Attacks on the Press in 2004 - Mongolia
|Publisher||Committee to Protect Journalists|
|Publication Date||February 2005|
|Cite as||Committee to Protect Journalists, Attacks on the Press in 2004 - Mongolia, February 2005, available at: http://www.refworld.org/docid/47c566e523.html [accessed 24 January 2018]|
|Disclaimer||This is not a UNHCR publication. UNHCR is not responsible for, nor does it necessarily endorse, its content. Any views expressed are solely those of the author or publisher and do not necessarily reflect those of UNHCR, the United Nations or its Member States.|
2004 Documented Cases – Mongolia
APRIL 27, 2004
Posted: May 12, 2004
A. Erdenetuya, Mongolyn Neg Odor
IMPRISONED, LEGAL ACTION
The Bayanzurkh District Court convicted Erdenetuya, a writer for the private weekly Mongolyn Neg Odor (A Day in Mongolia), of criminal libel, an offense under the Mongolian Criminal Code, and sentenced her to three months and one day in prison and a fine of 900,000 tugriks (about US$803). Following the trial, Erdenetuya was imprisoned at the Gants Khudag Detention Center, outside the capital, Ulaanbaatar.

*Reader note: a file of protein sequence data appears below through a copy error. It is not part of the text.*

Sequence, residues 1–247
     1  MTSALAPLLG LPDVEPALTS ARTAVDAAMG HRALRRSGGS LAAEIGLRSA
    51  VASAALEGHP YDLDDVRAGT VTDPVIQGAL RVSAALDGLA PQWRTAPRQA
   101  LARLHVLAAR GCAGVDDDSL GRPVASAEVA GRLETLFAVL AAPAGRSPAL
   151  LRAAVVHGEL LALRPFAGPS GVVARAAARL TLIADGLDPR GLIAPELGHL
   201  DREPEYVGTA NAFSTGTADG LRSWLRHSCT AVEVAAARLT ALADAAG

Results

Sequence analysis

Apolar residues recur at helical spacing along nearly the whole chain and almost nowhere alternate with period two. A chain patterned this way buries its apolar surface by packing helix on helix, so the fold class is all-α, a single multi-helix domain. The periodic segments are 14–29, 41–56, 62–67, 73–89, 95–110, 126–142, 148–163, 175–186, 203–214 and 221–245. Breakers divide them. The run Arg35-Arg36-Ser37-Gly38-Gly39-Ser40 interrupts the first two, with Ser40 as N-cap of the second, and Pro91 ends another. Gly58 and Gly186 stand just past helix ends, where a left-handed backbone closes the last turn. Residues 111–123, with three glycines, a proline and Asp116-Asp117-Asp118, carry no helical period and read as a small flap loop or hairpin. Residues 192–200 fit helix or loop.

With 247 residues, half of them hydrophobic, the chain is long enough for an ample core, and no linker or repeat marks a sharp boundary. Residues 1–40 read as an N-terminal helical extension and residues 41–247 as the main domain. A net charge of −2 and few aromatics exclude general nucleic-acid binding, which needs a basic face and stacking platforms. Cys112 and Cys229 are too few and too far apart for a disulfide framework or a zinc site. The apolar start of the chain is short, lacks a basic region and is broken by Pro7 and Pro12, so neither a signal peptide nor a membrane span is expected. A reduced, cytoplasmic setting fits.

The libel charge was filed by D. Moron, a member of Parliament and former chairman of the General Police Department. The charge stemmed from an article Erdenetuya wrote alleging that Moron was the illegitimate father of a woman accused of murder. According to the private, English-language weekly UB Post, Moron denies that the accused woman is his daughter.
The journalist's sentence was widely condemned by Mongolian civil society and journalists' groups, which contend that the verdict is intended to intimidate journalists. About 100 journalists gathered outside the courtroom to protest the court's decision, and dozens of police escorted Erdenetuya during the proceedings, according to news reports.